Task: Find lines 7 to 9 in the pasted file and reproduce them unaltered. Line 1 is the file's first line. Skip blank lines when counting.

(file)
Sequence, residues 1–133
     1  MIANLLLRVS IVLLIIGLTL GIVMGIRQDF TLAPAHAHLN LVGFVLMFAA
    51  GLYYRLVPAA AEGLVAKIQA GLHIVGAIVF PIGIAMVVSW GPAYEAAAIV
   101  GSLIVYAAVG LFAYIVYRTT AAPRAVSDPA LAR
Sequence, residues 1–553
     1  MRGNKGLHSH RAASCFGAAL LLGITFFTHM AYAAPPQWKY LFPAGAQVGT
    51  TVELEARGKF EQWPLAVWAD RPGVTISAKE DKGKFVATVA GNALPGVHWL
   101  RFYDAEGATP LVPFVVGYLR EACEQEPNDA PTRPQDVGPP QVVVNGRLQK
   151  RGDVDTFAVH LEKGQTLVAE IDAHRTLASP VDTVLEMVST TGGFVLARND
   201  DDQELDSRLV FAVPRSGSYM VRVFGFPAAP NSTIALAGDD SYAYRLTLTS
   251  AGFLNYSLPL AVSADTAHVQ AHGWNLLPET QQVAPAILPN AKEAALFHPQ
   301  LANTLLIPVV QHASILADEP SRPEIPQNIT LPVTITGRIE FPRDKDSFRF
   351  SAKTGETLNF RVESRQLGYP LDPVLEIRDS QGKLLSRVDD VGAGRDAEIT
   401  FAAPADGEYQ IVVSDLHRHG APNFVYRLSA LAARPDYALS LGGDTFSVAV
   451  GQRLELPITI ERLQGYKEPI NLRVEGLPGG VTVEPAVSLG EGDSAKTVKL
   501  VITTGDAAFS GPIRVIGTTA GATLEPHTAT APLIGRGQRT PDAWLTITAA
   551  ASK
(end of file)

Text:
    51  TVELEARGKF EQWPLAVWAD RPGVTISAKE DKGKFVATVA GNALPGVHWL
   101  RFYDAEGATP LVPFVVGYLR EACEQEPNDA PTRPQDVGPP QVVVNGRLQK
   151  RGDVDTFAVH LEKGQTLVAE IDAHRTLASP VDTVLEMVST TGGFVLARND